|Publication number||US581146 A|
|Publication date||Apr 20, 1897|
|Filing date||Jun 23, 1896|
|Publication number||US 581146 A, US 581146A, US-A-581146, US581146 A, US581146A|
|Inventors||George W. Young|
|Export Citation||BiBTeX, EndNote, RefMan|
|Referenced by (2), Classifications (1)|
|External Links: USPTO, USPTO Assignment, Espacenet|
G. W. YOUNG. INSOLE.
No. 581,146. Patented Apr. 20, 1897.
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' V UNITED STATES PATENT OFFICE.
GEORGEW. YOUNG, OF LYNN, MASSACHUSETTS.
SPECIFICATION forming part of Letters Patent No. 581 ,146, dated April 20, 1897.
Application filed June 23, 1896- Sel'ial No. 596,592. (No model.)
To all whom it may concern.-
Be it known that I, GEORGE W. YOUNG, of Lynn, county of Essex, State of Massachusetts, have invented an Improvement in Insoles, of which the following description, in connection with the accompanying drawings, is a specification, like letters on the drawings representing like parts.
In ordinary machine-sewed welted boots and shoes the welt and upper are usually secured to the insole by a line of stitching passing through the flap or between substance into the channel, requiring an insole thick enough when channeled to leave a sufficiently heavy lip or channel-flap. Rather stiff stock of good quality and rather expensive has to be employed; and this invention has for its object the production of a novel, cheap, and flexible insole which possesses sufficient strength to enable it to be used in the manufacture of Welted boots and shoes.
In accordance with my invention I make the insole proper preferably of textile material, as, for instance, stout canvas, of the requisite shape and size, to which is suitably secured a rib or wale of leather, the textile fabric being so arranged with relation thereto that it provides a firm and strong hold for the stitches securing the insole and upper together. Preferably a thin sock-sole is made as a part of the insole, though it may be applied separately, if desired.
Figure 1 is a plan view of the outer face of an insole embodying my invention with the sock-sole forming an attached part thereof. Fig. 2 is an inner face view of the insole. Fig. 3 is a transverse sectional view thereof, taken on the line as 00, Fig. 2. Fig. 4 is a sectional View of the insole shown in Fig. 1 with the upper and welt secured thereto, and Fig. 5 is a transverse sectional View of a modification to be referred to.
In making my improved insole I take narrow and comparatively thin leather strips, preferably, and pass them through a suitable shaping apparatus to leave a thin flexible base a and a wale or rib a on one side thereof, as most clearly shown in Figs. 3 to 5, inclusive, the inner wall a of the rib being slightly undercut, as shown. Waste strips and cuttings can be readily usedfor this purpose, making their production very cheap, and the prepared strips are then bent to shape, as shown in Figs. 1 and 2, extending from at or near the breast-line of the heel to and around the toe. A piece of thin material 19, preferably stout canvas or duck, having, as shown, a heel portion 1), is applied to the ribbed sides of the wale-strip and secured thereto by cement, the thin fabric or body, as it may be termed, being of sufficient size to admit of its being creased along the line b Fig. 1, to enter the undercut portion a of the rib or wale a and fit snugly thereover.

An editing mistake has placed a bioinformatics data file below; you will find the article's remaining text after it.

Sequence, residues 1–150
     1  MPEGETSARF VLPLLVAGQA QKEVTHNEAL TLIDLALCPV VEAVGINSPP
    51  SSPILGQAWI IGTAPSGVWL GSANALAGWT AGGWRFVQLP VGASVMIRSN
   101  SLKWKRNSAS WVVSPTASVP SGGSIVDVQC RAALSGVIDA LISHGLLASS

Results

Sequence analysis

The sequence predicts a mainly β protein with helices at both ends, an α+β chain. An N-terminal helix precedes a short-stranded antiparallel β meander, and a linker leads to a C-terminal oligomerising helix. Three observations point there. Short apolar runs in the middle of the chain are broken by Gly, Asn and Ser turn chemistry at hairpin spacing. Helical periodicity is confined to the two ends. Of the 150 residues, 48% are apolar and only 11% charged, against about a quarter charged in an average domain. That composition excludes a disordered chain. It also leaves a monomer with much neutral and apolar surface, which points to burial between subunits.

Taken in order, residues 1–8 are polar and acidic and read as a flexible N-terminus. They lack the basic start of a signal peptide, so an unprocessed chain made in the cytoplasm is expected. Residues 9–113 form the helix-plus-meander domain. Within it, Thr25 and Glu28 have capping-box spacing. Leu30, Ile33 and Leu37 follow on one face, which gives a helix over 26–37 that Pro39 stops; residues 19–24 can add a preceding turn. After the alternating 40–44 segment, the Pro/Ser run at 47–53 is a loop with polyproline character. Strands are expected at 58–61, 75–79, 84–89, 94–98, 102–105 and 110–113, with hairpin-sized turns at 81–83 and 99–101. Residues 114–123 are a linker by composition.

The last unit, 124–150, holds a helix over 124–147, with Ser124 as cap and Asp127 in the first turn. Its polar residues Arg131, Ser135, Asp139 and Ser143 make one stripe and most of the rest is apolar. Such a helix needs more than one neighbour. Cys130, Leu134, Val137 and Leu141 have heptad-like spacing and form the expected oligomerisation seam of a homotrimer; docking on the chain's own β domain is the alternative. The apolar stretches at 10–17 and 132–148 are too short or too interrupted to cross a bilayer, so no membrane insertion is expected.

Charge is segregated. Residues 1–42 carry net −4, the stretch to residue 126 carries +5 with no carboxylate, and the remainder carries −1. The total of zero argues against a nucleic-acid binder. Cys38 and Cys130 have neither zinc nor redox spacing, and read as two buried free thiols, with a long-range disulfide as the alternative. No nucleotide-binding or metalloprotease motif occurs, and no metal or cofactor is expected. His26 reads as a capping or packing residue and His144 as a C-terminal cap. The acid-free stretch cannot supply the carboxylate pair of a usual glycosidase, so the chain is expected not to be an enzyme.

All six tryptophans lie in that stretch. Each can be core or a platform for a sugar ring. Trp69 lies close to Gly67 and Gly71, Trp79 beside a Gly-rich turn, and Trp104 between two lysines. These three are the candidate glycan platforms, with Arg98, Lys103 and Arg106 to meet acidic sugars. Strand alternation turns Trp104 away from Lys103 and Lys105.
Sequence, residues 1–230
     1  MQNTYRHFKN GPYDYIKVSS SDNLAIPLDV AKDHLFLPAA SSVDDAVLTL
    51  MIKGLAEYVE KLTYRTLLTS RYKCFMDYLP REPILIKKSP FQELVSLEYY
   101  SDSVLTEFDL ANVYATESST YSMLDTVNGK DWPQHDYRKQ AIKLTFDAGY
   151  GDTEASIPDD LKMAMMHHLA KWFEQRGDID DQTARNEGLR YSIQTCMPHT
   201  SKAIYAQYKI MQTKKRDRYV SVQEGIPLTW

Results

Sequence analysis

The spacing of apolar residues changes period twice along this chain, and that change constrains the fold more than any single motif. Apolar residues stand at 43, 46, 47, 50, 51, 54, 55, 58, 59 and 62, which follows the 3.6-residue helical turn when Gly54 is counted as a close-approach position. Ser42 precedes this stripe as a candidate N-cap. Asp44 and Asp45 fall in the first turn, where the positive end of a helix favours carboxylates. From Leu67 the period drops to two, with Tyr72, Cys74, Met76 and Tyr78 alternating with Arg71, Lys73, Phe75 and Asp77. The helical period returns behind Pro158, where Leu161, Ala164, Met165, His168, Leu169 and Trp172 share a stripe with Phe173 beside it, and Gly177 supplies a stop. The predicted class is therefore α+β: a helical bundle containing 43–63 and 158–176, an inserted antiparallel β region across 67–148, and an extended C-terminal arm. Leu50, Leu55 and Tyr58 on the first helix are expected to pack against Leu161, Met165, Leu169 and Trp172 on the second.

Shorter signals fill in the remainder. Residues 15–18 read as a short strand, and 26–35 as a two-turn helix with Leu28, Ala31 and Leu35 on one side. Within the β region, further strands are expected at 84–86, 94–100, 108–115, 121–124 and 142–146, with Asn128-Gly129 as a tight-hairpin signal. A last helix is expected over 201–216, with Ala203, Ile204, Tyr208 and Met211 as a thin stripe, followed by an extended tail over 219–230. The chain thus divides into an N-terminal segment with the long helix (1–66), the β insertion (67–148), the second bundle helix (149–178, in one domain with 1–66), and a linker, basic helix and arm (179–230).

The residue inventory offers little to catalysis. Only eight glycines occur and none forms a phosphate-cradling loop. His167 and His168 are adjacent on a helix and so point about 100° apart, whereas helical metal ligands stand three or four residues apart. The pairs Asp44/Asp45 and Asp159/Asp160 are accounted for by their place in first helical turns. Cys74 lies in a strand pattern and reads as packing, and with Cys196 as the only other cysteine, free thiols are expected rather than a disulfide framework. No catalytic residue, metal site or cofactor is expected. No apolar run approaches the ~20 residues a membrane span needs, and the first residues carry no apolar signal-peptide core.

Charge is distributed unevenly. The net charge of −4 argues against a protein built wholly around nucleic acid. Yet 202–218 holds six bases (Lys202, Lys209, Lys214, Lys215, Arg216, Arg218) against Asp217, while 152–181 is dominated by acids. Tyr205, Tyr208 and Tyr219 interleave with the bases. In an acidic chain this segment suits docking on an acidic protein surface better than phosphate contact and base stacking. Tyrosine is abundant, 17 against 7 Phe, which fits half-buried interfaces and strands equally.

The edge of the body I) is not necessarily carried over and entirely around the rib a, as I have found that sufficient strength is attained by the construction herein shown.
At the toe portion of the insole I prefer to attach a reinforcing-piece b of canvas, at the under side, Fig. 2, to give additional strength thereat.
By the construction described the rib or wale ct is so greatly strengthened and reinforced, even when made of very poor stock, that stitches will firmly hold, the greater portion of the strain being taken up by the body 6, the rib serving mainly to mold or shape the insole properly to receive the stitches s, uniting the upper to and welt w thereto, Fig. 1.
The upper and Welt may be secured to my novel insole by a Goodyear or other similar type of sole-sewing machine.
In Figs. 1 and 4 I have shown the sock-sole as secured to and forming a part of the insole, said sock-sole d being made of thin leather laid upon and cemented to the inner face of the insole, (shown in Figs. 1 and 3,) the edges of the sock-sole being bent at d over the base a and up against the outer wall of the rib or wale a at d and cemented in place. The stitches s then pass through not only the rib or wale of the insole proper,.but also through the upturned portion 61 thereof, so that it is absolutely impossible for the sock-sole to curl up in use along its edges.
In Fig. 5 the sock-sole cZ is shown as secured to the inner face of the insole, but terminating at the base of the rib-carrying strip, in such construction the stitches uniting the insole, welt, and upper having no connection with the sock-sole.
Having fully described my invention, What I claim, and desire to secure by Letters Patent, is
1. An insole forboots and shoes, composed of an unehanneled body of thin material, and a stitch-receiving strip secured thereto near its edges, having an extended base and on its adjacent face a rib or ale to receive the stitches which unitethe upper and Welt t0 the insole, the body being molded about the rib or Wale, substantially as described.
2. An insole for boots and shoes, composed of a flat, unchanneled body of thin material, a stitch-receiving strip secured thereto, having on its adjacent side a rib or ale, and a
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